Self Publishing’s Biggest Hurdle

Photo of Michael Faris - About Time Publishing

Michael Faris

So you hear about this great book that you simply gotta have. What do you do?

Most folks go online to Amazon and do a quick search. Payment is by credit card and the item is either shipped or made available for download. Simple and effective. Customer gets product and seller gets paid.

This seems like a very efficient system on the surface. But is it really?

Why did the consumer even want to buy this book? Was it something that Amazon did? Is the fact that they were able to find the book listed at Amazon have anything to do with promoting the merchandise?

I have an idea that building a demand for your work is the biggest chunk of a successful author’s marketing plan. It is far more important than developing distribution systems, because if there is no demand for the product, then there will be no sales. In fact, it could become a drag because of associated costs, such as inventory or membership or listing fees. Distribution arrangements must be managed, which takes valuable time. Further, you could be subject to restrictions that could compromise your flexibility when it comes to setting prices and selling in other venues.

I’m not saying that that you don’t need a way to distribute your products. But I am raising a few questions:

  • Is a big worldwide distribution channel really necessary for your work?
  • Does an author need to share revenue by way of sales commissions to a distributor?
  • Are there other potentially more profitable ways to set up a supply chain?

True, dyed-in-the-wool DIYers thrill at the chance to produce something through their own ingenuity. To create a work of art is a beautiful thing. To be able to sell it is even better than beautiful! But sometimes production costs for small quantities of quality goods leaves no margin for profit when you go to sell it. That’s why it is important to examine every aspect of your plan to market your work.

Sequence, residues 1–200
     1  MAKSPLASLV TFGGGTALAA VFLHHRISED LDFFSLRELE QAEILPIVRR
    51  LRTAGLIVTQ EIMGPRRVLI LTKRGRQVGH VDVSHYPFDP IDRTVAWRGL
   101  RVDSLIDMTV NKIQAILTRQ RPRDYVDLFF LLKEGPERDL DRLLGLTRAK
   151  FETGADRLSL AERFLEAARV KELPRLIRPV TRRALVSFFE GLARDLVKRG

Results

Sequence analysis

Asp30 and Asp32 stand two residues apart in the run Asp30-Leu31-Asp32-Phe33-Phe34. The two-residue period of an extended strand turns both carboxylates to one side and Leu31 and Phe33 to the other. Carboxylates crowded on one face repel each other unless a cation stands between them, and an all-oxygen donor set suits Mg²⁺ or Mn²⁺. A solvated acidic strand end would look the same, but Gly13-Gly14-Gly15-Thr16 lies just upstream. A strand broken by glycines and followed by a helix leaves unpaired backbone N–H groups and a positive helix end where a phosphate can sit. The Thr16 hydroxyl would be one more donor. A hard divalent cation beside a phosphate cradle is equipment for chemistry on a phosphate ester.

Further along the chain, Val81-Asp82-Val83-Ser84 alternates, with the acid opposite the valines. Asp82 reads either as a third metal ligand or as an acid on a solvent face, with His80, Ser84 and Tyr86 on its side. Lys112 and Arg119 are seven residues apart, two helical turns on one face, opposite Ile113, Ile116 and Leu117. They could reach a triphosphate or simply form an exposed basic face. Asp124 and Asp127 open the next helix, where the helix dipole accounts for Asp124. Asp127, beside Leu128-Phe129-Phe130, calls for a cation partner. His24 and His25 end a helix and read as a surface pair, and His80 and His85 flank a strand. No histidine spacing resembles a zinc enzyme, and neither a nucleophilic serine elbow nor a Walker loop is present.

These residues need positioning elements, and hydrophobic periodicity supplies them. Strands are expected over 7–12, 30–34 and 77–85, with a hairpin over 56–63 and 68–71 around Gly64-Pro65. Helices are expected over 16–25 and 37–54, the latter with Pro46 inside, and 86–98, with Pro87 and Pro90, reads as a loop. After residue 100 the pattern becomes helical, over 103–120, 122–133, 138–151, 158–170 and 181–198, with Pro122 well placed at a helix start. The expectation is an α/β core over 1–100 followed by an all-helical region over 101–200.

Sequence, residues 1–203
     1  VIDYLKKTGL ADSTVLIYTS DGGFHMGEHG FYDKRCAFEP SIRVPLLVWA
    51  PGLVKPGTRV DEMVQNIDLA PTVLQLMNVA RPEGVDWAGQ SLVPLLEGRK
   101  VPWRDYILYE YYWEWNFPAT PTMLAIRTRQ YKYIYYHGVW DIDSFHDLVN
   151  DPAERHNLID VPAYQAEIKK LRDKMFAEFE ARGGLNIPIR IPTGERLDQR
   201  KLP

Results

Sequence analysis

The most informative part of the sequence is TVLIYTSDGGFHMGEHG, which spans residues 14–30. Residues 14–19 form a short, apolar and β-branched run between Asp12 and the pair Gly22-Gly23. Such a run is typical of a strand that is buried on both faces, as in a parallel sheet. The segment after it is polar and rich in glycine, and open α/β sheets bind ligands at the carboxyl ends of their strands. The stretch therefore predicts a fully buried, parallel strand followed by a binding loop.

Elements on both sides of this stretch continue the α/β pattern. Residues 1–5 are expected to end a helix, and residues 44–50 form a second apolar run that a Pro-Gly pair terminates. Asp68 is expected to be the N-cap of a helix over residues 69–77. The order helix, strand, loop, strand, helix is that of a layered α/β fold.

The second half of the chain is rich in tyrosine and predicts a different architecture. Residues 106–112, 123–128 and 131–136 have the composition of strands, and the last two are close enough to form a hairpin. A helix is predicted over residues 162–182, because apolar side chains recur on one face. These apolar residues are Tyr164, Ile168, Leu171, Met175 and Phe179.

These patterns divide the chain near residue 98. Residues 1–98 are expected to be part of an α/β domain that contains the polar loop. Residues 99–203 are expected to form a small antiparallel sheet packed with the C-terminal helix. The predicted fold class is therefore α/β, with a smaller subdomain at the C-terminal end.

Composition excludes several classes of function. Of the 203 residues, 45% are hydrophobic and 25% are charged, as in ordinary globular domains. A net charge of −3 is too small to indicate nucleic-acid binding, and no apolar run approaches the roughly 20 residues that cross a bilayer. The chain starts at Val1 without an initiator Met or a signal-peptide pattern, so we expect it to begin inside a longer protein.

Since profit equals the selling price minus the costs ( production + distribution), it would stand to reason that anything that can be done to reduce the cost will increase the profit. This goes for anything that influences these costs.

I will be covering some ideas about shaving the cost of producing and marketing books for writers and self-publishers in later posts. I invite feedback and suggestions. What are some of the best ways a fledgling author can promote and distribute their work.

I would like to leave you with some food for thought:

Search engines can find just about anything, including the distributor of your books… even if the only distributor is You!

Michael Faris

About Time Publishing

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Comments

  • Heike  On June 19, 2013 at 11:16 AM

    Generally I do not read article on blogs, but I would
    like to say that this write-up very pressured me to try and do it!
    Your writing taste has been amazed me. Thanks, very nice article.

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